“I don’t know. I don’t know! And I hate it!” Alma slapped the flat of her hand against one of the huge glass-and-metal tubes, the whole apparatus chiming with an eerie sound like a bell. She startled, waiting for an alarm to sound or some sign of their presence to be noted, but the sound only died away into the waiting silence of the room. She shook her head, rueing her jumpiness, and made a concerted effort towards calm. Breathe. In, hold. Out, hold. Repeat. Cabanela reached for her, then hesitated, his fingers just short of her dangling hand. When she had her breaths under control again, she put her hand down, deliberately relaxing it by her side as she ran her thumb across the fingers. “Just… stay close. Please. I know things are strained right now, but I’m being as patient as I can for all our sakes, believe it or not. We may have to go into the dark, but we go together. Not alone. All right?”
He looked at her silently, his dark blue eyes slowly softening as they took in her unease and returning it mirrored alongside empathy and an emotion she was as yet unwilling to acknowledge, only that it was indeed different from his predatory gaze of only a year ago. He nodded at last, evidently mollified by whatever it was he saw in her returned gaze.
“All right, baby, close it is, nothin’ like it. Don’t you worry.” He turned back to glare at the cylinder, brow furrowed. “Anyhoot, enough standin’ around. We stay here too much longer, we’ll have company whether we liiike it or not. And I don’t like this room much, gotta admit. Feeels… familiar, somehow.”
“So which way do we go?” Lynne asked, barely concealed exasperation in her voice.
He pirouetted, ending with his back to them. “Into the heeeart of darkness, baby! Where else?” He pointed down the nearest passageway. Alma assumed it was more or less in the direction they needed to go, but had to swallow her trepidation and trust he knew what he was doing. He gestured Alma and the rest ahead of him, taking a watchful stance at the back of the group as they walked into the locus of the magical emptiness only he and the Espers could sense.
The tubes towered over them all, even tall Alma and taller Cabanela, and he eyed them with an uncomfortable air even as his saunter grew more pronounced as if to show he was unbothered. As they stepped through the room, noises seemed to echo and collect in eerie ways, the glass amalgating and reflecting back words that were almost recognizable. Unwillingly, Alma found herself listening for something that sounded purposeful in the sussurus and was unpleasantly surprised to hear the the thing they had fought’s words repeated in there, mixed with other words that made no sense to her. “Puppet,” “shadow,” and hissed mumbles that were even more inaudible.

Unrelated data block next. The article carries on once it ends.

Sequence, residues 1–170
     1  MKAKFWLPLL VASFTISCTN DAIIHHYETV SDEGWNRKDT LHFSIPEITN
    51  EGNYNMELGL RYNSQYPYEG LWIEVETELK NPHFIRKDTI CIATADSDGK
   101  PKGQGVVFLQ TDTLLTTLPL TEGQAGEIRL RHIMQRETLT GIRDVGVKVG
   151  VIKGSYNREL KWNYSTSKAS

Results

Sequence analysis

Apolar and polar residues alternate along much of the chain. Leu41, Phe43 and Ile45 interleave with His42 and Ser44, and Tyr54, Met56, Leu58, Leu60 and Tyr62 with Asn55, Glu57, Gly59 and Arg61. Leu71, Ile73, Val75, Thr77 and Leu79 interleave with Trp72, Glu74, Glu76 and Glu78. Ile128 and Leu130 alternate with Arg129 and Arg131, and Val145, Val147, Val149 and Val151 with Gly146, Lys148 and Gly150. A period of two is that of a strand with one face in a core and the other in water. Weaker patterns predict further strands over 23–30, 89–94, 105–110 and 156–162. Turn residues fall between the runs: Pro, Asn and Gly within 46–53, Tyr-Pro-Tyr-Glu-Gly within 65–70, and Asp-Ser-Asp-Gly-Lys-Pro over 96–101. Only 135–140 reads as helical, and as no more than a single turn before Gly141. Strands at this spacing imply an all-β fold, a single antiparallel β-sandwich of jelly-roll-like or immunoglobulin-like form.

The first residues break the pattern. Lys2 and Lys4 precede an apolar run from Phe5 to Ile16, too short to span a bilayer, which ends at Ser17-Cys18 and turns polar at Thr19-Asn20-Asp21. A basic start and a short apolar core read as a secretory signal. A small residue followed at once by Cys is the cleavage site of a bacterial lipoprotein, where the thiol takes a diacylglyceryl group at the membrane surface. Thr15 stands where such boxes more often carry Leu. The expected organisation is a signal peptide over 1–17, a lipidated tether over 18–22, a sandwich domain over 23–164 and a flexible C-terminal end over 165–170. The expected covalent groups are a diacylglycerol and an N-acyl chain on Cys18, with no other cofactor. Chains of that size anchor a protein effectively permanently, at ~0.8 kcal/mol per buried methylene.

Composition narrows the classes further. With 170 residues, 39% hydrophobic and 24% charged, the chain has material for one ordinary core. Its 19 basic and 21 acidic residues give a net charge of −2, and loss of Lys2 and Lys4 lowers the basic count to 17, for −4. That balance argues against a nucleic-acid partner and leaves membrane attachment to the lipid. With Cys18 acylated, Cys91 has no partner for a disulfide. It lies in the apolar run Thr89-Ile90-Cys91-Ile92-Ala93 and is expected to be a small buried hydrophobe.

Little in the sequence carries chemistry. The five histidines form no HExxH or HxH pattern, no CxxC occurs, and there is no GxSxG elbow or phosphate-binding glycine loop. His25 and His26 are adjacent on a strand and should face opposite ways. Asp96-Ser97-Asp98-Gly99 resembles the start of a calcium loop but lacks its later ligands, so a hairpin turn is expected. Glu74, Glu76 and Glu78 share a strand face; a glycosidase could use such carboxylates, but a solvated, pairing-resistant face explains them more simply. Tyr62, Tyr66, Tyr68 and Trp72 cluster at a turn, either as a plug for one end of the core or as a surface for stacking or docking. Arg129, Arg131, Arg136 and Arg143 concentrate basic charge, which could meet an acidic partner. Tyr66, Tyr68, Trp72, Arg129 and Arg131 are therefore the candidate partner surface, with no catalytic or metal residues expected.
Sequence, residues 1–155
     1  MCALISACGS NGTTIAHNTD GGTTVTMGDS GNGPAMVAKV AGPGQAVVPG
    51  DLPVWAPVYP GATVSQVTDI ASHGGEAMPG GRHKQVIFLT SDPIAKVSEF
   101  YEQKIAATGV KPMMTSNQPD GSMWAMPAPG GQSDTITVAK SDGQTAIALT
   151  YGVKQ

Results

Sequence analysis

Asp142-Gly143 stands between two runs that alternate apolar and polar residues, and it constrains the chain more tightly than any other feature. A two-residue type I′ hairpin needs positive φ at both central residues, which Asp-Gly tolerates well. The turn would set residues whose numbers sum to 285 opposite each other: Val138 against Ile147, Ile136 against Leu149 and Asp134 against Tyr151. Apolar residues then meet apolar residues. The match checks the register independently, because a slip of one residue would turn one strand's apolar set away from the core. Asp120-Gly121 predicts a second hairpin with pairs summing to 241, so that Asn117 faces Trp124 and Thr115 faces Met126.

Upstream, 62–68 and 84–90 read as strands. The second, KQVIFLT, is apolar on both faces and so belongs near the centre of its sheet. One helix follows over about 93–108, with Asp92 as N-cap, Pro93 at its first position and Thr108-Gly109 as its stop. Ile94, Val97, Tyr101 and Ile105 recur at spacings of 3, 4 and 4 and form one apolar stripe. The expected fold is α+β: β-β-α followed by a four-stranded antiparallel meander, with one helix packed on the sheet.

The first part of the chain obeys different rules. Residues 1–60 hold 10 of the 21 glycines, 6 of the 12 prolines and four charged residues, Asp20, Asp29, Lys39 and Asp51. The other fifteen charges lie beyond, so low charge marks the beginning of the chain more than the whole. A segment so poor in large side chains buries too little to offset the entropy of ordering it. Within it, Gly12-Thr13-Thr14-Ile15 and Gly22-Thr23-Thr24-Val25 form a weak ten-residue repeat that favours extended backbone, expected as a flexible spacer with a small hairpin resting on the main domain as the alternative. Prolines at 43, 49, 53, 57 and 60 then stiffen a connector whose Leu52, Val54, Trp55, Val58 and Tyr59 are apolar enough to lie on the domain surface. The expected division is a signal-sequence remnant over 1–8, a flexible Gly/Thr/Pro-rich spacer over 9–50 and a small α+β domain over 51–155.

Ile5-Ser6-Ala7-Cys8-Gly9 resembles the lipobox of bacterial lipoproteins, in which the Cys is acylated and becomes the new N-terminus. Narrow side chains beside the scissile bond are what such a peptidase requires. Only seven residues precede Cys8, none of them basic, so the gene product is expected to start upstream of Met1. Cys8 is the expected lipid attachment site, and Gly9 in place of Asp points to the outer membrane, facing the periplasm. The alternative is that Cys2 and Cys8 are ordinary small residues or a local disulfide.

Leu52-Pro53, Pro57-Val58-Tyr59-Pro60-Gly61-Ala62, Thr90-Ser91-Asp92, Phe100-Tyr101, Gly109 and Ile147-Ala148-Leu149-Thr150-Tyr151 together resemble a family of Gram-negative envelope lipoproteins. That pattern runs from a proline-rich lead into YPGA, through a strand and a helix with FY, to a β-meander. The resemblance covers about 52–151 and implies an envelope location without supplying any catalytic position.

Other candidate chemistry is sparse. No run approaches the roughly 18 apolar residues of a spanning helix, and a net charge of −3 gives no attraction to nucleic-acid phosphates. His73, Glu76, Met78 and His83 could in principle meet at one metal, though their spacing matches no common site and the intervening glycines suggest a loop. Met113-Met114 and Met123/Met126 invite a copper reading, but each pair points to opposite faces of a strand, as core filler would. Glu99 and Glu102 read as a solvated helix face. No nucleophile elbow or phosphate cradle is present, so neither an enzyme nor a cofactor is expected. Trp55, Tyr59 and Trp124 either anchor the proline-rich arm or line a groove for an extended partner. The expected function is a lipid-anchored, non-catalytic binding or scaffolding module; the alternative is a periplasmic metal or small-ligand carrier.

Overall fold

Cabanela’s face was becoming drawn and troubled. Although his walk never faltered, Alma, on one of her many surreptitious checks of him, noted him raising a shaking hand to wipe it over his face, but as quickly stare at his hand and put it down again. It was as if the touch of his own skin on his face were repugnant. She longed for it to be simple, to be able go to him, as she would have once, and take his hand, letting the warmth of human contact be a comfort to them both, but she told herself she needed to stay up front, just in case they were attacked from the dark. He was fine. Nothing was going to happen.
Missile trotted along beside her, ears pricked and watchful, but relaxed for the moment. “What do you smell here, boy?” Alma asked, grateful for the distraction. “Anything new we should know about?”
He thought for a second, little nose twitching as he sniffed. “Dust… and there’s a smell like blood, but not blood…” He stood still for just a moment. “A lot of metal and glass… and that bad smell over everything. It’s still getting stronger.” He shook himself all over and kept walking. “I don’t like it, nuh-uh.”
Alma had to nod ruefully. “I don’t either. But I know our friends don’t, as well, and we have to keep our promises.”